Extract from Facial Enhancement Acupuncture: Clinical Use and Application by Paul Adkins

Spring is the season of the Wood Element, the time of rising yang energy, creativity and birth:

Simple and fresh and fair from winter’s close emerging,

As if no artifice of fashion, business, politics, had ever been,

Forth from its sunny nook of shelter’d grass — innocent, golden, calm as the


The spring’s first dandelion shows its trustful face. (Whitman, W. 1888, p.375)

The spring is the time when we look forward to the coming year with optimism and excitement, or rather we should if our Wood Element is in balance. This season is all about fresh starts and new things bursting into existence, it is seen in the plants and the trees around us and the wildlife coming to life after the long sleep of winter. We should be starting to make plans for the future now, putting to rest memories from the past and looking forward with optimism:

Spring is the time of birth and regeneration. The burst of activity which surges out of the stillness of the winter has no equal elsewhere in the year; there is an energy and dynamic force abroad which brings life and vigour to everything. (Worsley, J.R. 1998, p.1.2)

The spring can be a very lively and noisy time with people starting to go about their business and planning for the new year ahead. The animals are beginning to show more activity in the fields, as the spring lambs bounce around. It is generally a time when things start to happen after the shutdown of the winter months. The gift of this season is the optimism and chance to look to the future. It brings us an opportunity to start again, to put failure behind us and take a fresh approach to things. Obviously, this only works if we are in balance, as if we are suffering from an imbalance during this season we will find it very hard to plan or look forward; we will have no energy, no drive and no ambition. If we have no vigour then we can become depressed and anxious, these are all signs that something is not right.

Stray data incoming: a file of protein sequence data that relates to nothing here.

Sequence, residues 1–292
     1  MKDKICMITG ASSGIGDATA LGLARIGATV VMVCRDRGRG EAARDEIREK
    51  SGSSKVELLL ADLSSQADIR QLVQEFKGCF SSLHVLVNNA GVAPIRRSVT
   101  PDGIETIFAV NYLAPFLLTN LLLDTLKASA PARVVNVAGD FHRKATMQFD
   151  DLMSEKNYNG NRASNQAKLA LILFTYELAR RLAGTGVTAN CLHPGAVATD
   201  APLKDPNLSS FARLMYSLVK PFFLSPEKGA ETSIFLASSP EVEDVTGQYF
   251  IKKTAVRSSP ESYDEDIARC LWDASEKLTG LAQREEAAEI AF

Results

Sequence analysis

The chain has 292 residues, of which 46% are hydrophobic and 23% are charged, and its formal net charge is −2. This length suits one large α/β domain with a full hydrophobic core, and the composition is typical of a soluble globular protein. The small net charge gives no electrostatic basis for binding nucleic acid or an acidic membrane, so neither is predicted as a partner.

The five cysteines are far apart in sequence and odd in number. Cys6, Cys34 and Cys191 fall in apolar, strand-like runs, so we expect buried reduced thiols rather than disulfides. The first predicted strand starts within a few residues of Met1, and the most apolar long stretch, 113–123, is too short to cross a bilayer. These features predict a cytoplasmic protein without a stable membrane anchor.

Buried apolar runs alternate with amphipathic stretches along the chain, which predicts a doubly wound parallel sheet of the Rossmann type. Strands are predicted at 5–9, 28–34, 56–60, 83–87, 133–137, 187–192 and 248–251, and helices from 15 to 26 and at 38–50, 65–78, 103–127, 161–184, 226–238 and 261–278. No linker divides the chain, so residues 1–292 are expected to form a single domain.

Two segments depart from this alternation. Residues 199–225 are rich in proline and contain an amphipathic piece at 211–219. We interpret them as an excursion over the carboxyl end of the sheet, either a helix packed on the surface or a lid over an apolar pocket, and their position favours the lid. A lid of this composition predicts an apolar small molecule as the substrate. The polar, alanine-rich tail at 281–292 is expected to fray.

Spring is linked with the Wood Element because of the prospects for growth and development. If a tree is not nourished and given a chance to grow, then it will wither and die, very much like the Body and also the Spirit of a person who is suffering from an imbalance. Again, like a tree, we must be able to bend and be flexible, adapting to things that may come our way. We must stay strong and rooted, but supple enough to give a little, should the need arise:

And so the tree grows according to its destiny, in harmony with the seasons, in constant battle with the natural forces. As it grows strong, the winds and weather do it less harm. The tree maintains enough flexibility to sway in the wind, yet stays firmly rooted in the ground. (Herrmann, C-M. 2000, p.180)

The Wood Element will show itself as someone who is well motivated and organised, someone who is a scrupulous planner; perhaps they might be self-employed or a director of a company, a person used to having things mapped out ahead of them. They are people who like to be pushed and their abilities tested and stretched. A Wood Element will be totally dedicated to anything that he or she pursues. This may be to do with work or the family; it can be taken literally to the point where that person would lay down their life for that cause. If we look at a historical example, we could see this devotion in Joan of Arc who, being so totally dedicated to what she believed in, became a martyr.

The spring is truly a time for inspiration when things look more positive than perhaps at any other time of the year, this is the time when we can achieve and get things done:

My beloved spake, and said unto me, Rise up, my love my fair one, and come away. For, lo, the winter is past, the rain is over and gone; The flowers appear on the earth; the time of the singing of birds is come, and the voice of the turtle is heard in our land; The fig tree putteth forth her green figs, and the vines with the tender grape give a good smell. Arise, my love, my fair one, and come away. (King James Version, Song of Solomon 2:10-13)